Being A Woman In Iraq Is Getting Increasingly Difficult As Violence & ISIS Become The Norm

Iraq has been a war zone for more than a decade, first with the invasion of U.S. troops in 2003 and now with the growing threat of ISIS. While the violence affects everyone in the country, Iraqi women face much different struggles than the men, including a widespread and systematic culture of rape and sex slavery within ISIS. Iraq's Constitution, adopted in 2005, states that all citizens are equal and prohibits discrimination based on gender, but there are still wide gender gaps in many aspects of life due to religious rules, as well as fear of attacks. So, what's it like to be a woman in Iraq today?

A 17-year-old Iraqi girl named Noor described the degradation women and girls face in an op-ed on The Daily Beast, saying: "I was made to believe that being a girl was such a disgrace and I was something really awful." Although Iraq, like most countries, was never gender equal, some aspects of life have gotten worse for women in the last two decades because of the violence and ISIS's rising religious influence. Iraqi citizen Iqbal al-Juboori told NPR that she wants Americans to know that Iraq is still suffering. She said: "I would like the Americans to take the heart and remember that there are a lot of people in need, still, in the country. They don't have a voice, but they are still in conflict. They are still suffering and there is still a lot to be done."

Here are what some aspects of life are like for Iraqi women today.

Dress & Other Restrictions


Women in ISIS-controlled territory must follow strict religious rules about how to dress, including that they need to wear double-layered veils, loose abayas, and gloves, according to The Guardian. Maha Saleh, a 36-year-old resident of Mosul in northern Iraq, told The Guardian: "They forced women of all ages to wear a veil, even though the majority of the women in Mosul wear a hijab." Before ISIS, many women typically wore a hijab, which covers the head and chest, but leaves the face exposed, but it wasn't required.

Iraqi women are unable to get a passport and leave the country without permission from a male relative, according to the OECD Development Centre. It's even difficult for them to leave the house without a male escort, as a guide to life under the Islamic State written by female jihadis, titled "Women of the Islamic State: Manifesto and Case Study," says that women should stay behind closed doors and only leave the house for exceptional circumstances. Restrictions on women leaving the house were not always so strict, as many more women worked outside the home in the 1990s.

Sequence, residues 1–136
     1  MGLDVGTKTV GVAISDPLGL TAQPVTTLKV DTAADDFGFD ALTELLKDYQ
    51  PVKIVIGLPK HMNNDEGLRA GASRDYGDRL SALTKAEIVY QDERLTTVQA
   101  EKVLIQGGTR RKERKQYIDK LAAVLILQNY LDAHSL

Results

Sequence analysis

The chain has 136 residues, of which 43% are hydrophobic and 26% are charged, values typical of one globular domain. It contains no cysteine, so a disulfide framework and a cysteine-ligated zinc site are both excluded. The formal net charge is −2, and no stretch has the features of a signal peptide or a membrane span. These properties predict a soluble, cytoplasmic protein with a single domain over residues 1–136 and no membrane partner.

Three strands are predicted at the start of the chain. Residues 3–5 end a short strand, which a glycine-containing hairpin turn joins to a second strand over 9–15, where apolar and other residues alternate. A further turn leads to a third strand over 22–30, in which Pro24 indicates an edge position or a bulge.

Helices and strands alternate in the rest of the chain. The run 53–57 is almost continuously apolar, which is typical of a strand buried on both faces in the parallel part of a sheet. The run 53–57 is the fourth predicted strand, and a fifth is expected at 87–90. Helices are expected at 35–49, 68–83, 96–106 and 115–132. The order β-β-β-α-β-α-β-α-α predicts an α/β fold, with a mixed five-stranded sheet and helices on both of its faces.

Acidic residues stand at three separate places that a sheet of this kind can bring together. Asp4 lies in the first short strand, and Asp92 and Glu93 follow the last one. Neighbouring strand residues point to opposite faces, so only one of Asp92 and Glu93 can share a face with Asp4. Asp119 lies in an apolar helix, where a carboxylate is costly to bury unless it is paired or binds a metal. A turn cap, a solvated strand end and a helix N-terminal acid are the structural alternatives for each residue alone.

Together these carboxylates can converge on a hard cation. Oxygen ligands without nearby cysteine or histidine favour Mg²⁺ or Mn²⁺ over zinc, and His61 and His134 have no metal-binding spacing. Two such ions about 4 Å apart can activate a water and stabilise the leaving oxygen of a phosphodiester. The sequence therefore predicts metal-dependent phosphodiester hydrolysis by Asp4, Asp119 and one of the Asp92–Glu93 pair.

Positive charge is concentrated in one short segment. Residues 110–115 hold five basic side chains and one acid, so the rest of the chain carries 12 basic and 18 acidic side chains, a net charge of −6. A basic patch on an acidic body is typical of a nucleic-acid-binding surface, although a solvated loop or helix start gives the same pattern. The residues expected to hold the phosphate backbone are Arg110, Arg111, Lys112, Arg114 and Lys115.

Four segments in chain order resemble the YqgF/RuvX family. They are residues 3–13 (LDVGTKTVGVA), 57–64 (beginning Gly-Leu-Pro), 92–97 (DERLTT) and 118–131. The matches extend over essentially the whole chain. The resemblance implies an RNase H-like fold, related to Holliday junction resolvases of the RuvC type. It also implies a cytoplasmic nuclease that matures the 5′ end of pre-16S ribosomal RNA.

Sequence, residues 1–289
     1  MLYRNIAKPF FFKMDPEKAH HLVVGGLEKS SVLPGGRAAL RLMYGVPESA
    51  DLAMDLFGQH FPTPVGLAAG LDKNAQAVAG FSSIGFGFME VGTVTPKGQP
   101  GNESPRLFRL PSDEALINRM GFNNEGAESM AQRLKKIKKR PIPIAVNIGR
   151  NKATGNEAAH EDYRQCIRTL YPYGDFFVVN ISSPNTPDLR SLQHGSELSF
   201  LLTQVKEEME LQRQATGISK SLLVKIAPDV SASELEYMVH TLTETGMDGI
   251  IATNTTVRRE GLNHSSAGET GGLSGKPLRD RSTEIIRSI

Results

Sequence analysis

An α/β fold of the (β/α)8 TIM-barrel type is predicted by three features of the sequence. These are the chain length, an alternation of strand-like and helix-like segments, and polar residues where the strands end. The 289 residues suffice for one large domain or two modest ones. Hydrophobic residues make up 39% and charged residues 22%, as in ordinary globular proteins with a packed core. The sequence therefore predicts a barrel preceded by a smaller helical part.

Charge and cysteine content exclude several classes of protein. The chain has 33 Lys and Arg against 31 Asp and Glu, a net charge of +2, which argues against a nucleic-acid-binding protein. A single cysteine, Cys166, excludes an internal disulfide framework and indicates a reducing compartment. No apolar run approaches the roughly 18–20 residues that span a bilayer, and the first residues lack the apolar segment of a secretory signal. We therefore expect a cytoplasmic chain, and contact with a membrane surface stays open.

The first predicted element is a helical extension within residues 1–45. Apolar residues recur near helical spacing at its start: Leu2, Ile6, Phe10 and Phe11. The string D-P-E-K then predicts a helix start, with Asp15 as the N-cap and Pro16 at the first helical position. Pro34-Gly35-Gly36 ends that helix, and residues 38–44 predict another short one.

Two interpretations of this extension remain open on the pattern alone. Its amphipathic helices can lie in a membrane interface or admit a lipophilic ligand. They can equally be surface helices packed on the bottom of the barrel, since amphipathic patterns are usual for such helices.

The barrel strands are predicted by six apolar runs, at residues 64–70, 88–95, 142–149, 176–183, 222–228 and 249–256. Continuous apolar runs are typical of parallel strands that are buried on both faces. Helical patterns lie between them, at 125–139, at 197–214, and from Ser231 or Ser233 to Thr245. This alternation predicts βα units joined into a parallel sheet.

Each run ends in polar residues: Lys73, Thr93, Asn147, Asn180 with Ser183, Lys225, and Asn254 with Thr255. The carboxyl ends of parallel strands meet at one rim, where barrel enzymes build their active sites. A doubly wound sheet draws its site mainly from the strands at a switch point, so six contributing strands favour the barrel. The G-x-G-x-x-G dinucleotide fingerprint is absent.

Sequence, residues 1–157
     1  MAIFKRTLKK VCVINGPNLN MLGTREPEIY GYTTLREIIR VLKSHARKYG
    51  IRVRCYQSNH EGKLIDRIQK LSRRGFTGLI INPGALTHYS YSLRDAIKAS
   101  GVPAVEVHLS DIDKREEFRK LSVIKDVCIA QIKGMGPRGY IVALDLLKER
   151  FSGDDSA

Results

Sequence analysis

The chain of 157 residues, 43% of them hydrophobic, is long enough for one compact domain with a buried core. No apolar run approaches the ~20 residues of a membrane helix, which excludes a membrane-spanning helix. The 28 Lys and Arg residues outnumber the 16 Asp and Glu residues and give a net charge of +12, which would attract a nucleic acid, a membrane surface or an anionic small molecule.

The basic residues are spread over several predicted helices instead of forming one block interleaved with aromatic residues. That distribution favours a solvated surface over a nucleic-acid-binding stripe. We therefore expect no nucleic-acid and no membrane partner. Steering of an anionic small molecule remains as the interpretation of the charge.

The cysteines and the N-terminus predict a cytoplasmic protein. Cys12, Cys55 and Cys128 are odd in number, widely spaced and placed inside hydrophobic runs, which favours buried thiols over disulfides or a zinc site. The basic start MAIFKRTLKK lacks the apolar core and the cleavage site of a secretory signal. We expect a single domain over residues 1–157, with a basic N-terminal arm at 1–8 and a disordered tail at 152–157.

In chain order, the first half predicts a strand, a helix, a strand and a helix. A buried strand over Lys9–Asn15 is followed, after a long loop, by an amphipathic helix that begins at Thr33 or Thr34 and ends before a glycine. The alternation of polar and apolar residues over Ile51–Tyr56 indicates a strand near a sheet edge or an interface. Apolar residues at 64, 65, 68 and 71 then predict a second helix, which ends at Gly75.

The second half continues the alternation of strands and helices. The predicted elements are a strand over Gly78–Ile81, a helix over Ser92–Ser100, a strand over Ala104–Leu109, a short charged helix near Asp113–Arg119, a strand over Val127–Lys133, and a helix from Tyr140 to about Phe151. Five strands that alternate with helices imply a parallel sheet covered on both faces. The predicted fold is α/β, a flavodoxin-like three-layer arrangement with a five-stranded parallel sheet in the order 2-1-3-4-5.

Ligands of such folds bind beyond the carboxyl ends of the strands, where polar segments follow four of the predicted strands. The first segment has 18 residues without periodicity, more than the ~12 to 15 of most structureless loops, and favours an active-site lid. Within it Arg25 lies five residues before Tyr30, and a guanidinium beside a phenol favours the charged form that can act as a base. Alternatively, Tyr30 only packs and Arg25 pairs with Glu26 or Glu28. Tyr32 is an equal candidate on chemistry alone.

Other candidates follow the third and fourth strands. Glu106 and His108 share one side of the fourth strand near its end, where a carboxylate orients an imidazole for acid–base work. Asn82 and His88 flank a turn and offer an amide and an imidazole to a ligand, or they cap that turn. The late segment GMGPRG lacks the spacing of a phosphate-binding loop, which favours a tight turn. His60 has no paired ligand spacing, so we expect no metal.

Sex Trafficking


As ISIS' power increases, more and more Iraqi women are being sold into sex slavery, according to The New York Times. The militant group largely targets the religious minority the Yazidis, because of its ties to Christianity, but the Islamic State has also said it's permissible to rape Christian and Jewish women captured in battle, according to the Times. Minority Rights Group International estimated earlier in the year that as many as 10,000 women and girls had been abducted and trafficked into sex slavery in Iraq.

"Human trafficking operations are not carried out randomly, but in a very organized manner by gangs that are involved in these operations at all levels — including begging, prostitution, and organ trafficking," Ramziya Zana, who works to fight human trafficking in the Kurdistan region of Iraq, told Al-Monitor. The Iraqi government passed an anti-sex trafficking law in 2012, and began several investigations in 2013, but did not prosecute anyone, according to Minority Rights Group International.



The average Iraqi woman gets married at the age of 23. According to Iraq's Ministry of Planning, 22 percent of Iraqi girls were married before the age of 18 in 2012 despite the legal marriage age being 18. In 2014, legislators proposed lowering the legal marriage age to nine, and though the law didn't pass, it highlighted the growing influence of Shi'ite Islamist ideals in the country, according to Reuters. Divorce rates in Iraq are on the rise and increased 40 percent in 2012 from previous years. According to Al-Monitor, divorces leave women as "social rejects" due to negative perceptions of unmarried women.

Work & Education


A huge gender gap still persists when it comes to working in Iraq — while 72 percent of Iraqi men are in the labor force, only 13 percent of women participate, according to the United Nations Development Program in Iraq. After the Iran-Iraq war in the 1980s, women worked much more to help meet the country's economic demand, and made up 21 percent of the workforce in 1993, according to a 2005 Congressional Research Service (CRS) report. Under Saddam Hussein's leadership, women were encouraged to fill the traditional role of homemaker, and female employment dropped. A lack of security and attacks on female professionals by ISIS has discouraged women from working outside the home even more, according to UNICEF. "Discrimination against women today is unprecedented," Sarah Muthulak, a spokeswoman for the Baghdad-based Women’s Rights Association, told IRIN News about women being fired from their jobs. "They are being sacked because of their gender; that is unacceptable."

The disparity is much smaller for education, though girls are still educated at lower rates than boys: 82 percent of Iraqi girls go to primary school, compared to 93 percent of boys. However, according to the CRS report, the overall primary school attendance for Iraqi children was 93 percent at the beginning of the 1990s, so girls' attendance has dropped a bit.